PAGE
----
WordPress Continues to Evolve
WordPress development dates back to 2001 and it was originally launched as a blogging platform. Over 15 years later and powering almost 30% of the world wide web, WordPress has evolved into a robust, customizable framework with a enormous marketplace of plugins and themes to extend both the look and functionality of websites and platforms.
As technology advances so have our tools and our user experiences, and as developers and designers we continue to hone in on ways to make experiences faster and more intuitive. WordPress, the world’s most popular content management system, is no exception to this evolution.
This Spring/Summer, WordPress is introducing a new way of managing content in the 5.0 launch. The enhanced content editor, which they have named Gutenberg, will become the foundation for customizing and building websites on WordPress.
What you need to know
There’s a new editor in town. Gutenberg enhances your old WYSIWYG editor and gives users a way to create posts and pages using blocks. If you’ve ever used a page builder, this is similar to the modules feature. For example, you can add an image block or a quote block. For users, this should make it easier to create beautiful posts without knowing code.
However, if your theme or plugins on your website do not upgrade to support blocks, some styles or functionality may be in conflict with these new enhancements. To revert back to your old WYSIWYG editor, there is a Classic Editor plugin that you can install and activate. ¡Voila! Your site should operate as it always did.
Websites that are hosted on WordPress.com or are standalone on their own domain but use premium themes or plugins that have updated their code, have few if any customizations, and have a maintenance plan should experience minimal negative impacts, and will likely be able to take full advantage of the new enhancements.
What you can do to prepare
Complex platforms or custom websites built on WordPress may want to plan for maintenance fixes during the upgrade period. Every installation is different, but some steps remain the consistent for every upgrade. Steps 1 & 2 are things we can help you work on now and it is a recommended best practice for general site security.
- Create a backup.
- Test your backup recovery process to ensure it works.
- Upgrade your WordPress installation. (We recommend doing this on a staging site first, but understand not everyone has a staging site.)
- Test to ensure it functions as it did before your upgrade.
- If there are issues to fix, you can troubleshoot and fix them at this time. If they are too large to fix in a timely manner, roll back to the backup version of your site.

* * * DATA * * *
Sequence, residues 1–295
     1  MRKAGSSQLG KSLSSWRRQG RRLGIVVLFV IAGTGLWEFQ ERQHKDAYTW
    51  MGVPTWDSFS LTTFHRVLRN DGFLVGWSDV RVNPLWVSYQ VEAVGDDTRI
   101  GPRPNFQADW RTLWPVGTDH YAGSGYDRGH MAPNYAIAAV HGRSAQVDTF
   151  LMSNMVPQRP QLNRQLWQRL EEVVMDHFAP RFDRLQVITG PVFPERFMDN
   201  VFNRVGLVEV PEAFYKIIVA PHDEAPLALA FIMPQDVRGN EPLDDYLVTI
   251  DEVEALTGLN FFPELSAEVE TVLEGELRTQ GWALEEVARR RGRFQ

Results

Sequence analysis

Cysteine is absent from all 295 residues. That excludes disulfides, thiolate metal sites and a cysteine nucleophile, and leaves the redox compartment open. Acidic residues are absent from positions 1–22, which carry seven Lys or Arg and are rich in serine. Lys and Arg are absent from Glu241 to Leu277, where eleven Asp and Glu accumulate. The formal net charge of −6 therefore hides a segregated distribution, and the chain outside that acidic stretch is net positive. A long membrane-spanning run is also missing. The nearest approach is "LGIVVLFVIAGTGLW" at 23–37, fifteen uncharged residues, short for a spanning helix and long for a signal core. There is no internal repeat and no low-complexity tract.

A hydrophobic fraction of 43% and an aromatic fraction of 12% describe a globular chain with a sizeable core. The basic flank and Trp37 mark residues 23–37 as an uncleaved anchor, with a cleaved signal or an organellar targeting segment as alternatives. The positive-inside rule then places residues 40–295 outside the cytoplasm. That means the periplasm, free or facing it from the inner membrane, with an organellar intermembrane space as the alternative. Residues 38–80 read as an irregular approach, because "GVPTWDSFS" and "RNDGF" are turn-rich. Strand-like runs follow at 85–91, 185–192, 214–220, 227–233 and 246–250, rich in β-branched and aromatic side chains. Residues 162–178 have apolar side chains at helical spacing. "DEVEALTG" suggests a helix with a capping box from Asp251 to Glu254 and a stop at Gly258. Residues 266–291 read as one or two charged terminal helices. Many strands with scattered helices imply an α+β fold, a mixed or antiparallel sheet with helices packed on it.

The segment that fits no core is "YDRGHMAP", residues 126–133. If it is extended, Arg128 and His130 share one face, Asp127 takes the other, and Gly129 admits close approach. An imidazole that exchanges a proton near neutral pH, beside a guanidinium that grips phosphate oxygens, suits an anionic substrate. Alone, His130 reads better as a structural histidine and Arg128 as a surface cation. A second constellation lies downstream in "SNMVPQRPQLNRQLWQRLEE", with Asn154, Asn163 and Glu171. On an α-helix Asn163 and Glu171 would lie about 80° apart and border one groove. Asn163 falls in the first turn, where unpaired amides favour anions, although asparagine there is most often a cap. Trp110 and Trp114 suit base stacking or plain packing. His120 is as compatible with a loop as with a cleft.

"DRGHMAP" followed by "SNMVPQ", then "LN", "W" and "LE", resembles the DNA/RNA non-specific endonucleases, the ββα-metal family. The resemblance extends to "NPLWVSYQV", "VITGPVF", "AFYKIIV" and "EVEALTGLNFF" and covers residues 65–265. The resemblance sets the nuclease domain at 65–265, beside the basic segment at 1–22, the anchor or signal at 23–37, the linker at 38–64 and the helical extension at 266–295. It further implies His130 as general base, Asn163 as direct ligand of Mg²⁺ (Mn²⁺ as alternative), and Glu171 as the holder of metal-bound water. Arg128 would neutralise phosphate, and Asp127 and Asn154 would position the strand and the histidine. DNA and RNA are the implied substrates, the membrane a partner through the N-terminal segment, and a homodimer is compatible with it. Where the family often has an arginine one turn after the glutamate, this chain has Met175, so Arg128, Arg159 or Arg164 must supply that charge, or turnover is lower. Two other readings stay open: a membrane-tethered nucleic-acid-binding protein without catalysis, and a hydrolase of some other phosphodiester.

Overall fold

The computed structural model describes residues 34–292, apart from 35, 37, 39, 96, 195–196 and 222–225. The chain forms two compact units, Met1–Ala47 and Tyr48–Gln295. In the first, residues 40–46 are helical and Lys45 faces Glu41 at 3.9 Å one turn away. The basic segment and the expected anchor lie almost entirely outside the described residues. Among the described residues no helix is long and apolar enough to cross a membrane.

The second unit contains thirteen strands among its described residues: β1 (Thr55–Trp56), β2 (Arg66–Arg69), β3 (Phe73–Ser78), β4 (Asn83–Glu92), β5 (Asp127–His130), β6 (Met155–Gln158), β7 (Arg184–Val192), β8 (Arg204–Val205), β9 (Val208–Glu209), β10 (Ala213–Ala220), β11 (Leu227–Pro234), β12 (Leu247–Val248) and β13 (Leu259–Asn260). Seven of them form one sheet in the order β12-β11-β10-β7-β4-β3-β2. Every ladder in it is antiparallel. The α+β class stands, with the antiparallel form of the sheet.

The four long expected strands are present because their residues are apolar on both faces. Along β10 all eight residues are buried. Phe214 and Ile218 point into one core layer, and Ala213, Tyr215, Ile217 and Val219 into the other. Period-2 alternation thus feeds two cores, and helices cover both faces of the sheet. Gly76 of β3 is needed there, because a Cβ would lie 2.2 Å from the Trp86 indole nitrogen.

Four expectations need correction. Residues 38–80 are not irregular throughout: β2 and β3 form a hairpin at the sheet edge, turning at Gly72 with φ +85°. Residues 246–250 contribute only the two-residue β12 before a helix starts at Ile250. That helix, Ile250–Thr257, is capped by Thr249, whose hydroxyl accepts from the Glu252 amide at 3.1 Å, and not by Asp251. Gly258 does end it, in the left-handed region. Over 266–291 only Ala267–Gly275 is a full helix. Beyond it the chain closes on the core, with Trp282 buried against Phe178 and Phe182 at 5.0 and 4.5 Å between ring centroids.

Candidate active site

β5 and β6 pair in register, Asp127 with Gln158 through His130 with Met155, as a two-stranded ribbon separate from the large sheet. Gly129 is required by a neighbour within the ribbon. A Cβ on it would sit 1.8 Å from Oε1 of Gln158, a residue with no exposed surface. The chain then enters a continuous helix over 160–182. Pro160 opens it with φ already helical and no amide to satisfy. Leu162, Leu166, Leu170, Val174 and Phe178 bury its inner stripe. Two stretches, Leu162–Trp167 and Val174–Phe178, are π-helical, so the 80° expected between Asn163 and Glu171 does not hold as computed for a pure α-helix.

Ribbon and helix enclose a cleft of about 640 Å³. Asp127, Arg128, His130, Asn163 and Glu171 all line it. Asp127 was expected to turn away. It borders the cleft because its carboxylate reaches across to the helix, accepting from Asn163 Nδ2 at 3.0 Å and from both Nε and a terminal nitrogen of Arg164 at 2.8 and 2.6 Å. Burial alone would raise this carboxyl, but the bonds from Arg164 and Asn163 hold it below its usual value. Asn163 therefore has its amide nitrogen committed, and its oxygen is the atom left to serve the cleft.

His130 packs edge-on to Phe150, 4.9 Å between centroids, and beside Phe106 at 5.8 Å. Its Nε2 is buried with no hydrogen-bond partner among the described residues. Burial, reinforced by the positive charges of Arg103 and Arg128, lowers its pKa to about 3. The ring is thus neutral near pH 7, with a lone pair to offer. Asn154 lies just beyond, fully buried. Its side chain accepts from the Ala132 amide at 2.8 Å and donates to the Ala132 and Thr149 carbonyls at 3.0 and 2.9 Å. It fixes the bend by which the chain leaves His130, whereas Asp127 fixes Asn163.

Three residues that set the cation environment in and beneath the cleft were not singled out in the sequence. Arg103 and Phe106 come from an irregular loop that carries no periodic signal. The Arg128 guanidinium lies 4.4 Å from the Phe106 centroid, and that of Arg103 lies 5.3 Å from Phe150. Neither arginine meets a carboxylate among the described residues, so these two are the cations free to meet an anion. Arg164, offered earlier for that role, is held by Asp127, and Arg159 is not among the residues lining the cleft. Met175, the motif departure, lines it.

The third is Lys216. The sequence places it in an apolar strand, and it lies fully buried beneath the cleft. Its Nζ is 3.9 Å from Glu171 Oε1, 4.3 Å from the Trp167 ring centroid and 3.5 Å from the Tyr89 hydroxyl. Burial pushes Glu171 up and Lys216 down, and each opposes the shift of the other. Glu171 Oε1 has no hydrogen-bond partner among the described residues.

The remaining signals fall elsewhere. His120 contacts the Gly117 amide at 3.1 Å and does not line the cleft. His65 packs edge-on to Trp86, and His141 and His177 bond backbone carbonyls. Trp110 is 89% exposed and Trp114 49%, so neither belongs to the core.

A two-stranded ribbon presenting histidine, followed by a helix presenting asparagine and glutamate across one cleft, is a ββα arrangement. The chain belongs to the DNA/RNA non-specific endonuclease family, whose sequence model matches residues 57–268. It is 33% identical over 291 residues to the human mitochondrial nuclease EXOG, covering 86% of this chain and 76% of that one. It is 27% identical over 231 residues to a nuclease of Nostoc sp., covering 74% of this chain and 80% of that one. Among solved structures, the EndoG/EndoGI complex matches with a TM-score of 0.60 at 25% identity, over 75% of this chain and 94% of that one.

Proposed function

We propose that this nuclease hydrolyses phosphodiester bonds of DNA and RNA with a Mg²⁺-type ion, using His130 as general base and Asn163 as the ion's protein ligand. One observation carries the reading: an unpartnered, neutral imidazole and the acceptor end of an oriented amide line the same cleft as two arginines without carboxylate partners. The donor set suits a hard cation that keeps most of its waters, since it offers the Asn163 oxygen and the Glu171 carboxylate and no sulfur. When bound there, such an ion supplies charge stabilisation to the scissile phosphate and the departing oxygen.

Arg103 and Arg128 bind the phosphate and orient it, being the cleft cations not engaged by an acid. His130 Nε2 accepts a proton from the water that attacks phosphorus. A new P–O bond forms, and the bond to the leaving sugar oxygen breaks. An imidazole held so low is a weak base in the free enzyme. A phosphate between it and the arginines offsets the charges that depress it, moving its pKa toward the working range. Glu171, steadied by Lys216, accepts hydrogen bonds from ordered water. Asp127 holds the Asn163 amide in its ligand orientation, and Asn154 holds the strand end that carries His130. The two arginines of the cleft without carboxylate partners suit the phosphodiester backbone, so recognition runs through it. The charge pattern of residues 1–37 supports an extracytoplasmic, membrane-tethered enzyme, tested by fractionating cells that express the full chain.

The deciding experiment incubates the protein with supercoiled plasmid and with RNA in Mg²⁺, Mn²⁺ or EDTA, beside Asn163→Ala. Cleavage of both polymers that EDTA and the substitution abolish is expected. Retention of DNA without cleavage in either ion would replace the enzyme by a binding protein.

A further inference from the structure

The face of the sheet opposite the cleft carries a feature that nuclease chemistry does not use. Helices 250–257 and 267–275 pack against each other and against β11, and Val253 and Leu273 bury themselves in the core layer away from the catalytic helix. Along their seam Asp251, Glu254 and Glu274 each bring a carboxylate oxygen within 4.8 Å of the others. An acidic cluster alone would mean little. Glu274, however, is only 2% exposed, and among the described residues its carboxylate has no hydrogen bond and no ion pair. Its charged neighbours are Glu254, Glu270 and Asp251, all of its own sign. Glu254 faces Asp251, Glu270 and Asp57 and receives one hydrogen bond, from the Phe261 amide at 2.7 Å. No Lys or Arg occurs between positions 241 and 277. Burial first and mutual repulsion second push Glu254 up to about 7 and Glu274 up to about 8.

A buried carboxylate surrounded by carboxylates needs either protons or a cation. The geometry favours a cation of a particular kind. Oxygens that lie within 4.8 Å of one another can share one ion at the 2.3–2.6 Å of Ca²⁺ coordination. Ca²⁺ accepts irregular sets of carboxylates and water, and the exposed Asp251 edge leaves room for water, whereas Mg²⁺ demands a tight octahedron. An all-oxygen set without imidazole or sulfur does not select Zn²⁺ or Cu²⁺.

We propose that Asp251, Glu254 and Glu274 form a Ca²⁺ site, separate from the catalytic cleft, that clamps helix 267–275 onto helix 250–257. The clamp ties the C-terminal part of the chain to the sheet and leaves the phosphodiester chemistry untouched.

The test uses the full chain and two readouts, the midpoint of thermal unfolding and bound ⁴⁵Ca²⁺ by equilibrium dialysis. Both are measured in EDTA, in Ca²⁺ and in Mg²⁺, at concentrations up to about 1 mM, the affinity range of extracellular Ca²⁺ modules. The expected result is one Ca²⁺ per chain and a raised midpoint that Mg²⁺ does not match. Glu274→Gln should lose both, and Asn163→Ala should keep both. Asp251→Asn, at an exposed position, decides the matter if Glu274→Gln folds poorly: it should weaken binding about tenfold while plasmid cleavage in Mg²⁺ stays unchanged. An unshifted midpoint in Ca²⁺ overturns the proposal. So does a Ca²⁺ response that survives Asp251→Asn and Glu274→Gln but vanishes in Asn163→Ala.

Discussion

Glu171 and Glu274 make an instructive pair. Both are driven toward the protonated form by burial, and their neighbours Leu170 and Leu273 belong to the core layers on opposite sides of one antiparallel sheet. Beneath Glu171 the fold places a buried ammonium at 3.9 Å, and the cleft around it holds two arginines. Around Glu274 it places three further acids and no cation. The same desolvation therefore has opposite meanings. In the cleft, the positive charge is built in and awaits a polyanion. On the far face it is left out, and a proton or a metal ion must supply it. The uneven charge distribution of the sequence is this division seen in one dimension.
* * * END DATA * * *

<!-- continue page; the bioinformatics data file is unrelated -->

- If you did this on staging first, replicate all of the steps on your production site. If you did the initial steps on production and there were no issues during testing, you’re all set! Congratulations!
There are more intricacies involved with each step, but this is the gist of the process.
In advance of the upcoming 5.0 release, it’s a good idea to perform a site audit. Review everything from your theme and plugins to custom features and functionalities. For example, if you are not using a plugin, it’s best to delete it completely rather than simply deactivating it and keeping it on your server. Also, keeping your WordPress version, theme and plugins up to date helps prevent code conflicts and security breaches. Another best practice, is checking regularly to ensure your plugins are being updated and that these updates are not creating conflicts. If you’re not doing this, contact us and we can help set you up for success.
The benefits of open-source technology
The great thing about WordPress (and really any open-source software) is that so many developers are scouring the code for vulnerabilities. It’s like having tens of thousands of developers on your team, working in your best interest. If you do not update when an update is available, you leave your site at risk and you’re not leveraging the immense power of the open-source community. If you’re paying for the premium plugin licenses and you haven’t requested special customizations, you’re probably in good hands when 5.0 releases. Many premium plugin developers have been working diligently to update their code to be compatible with this launch. Unfortunately, unsupported plugins and out of date plugins may break your site during this launch. Create your backup and recovery process and then audit whether or not you need the functionality from each of your plugins. These 3 steps alone will help reduce your points of potential failure before the 5.0 release occurs.
It is okay to have custom functionality and custom code on your WordPress website or platform. In fact, we expect this with complex networks and large ecosystems. If your site has any custom plugins and features that can be affected by this infrastructure change, especially if your custom features include the editor, it is best to plan ahead and set aside time and budget for testing and maintenance. The other great thing about open-source technology is that you will likely find a multitude of designers and developers who can help you troubleshoot and fix any issues that arise.
Want to know more?
If you’re interested in taking a deeper dive into the new functionality of Gutenberg, here’s a 40 page Gutenberg White Paper from Human Made.
Would you like to see the new Gutenberg editor in action? Here is a four and a half minute live demo introducing Gutenberg, which was presented at the State of the Word at WordCamp US 2017.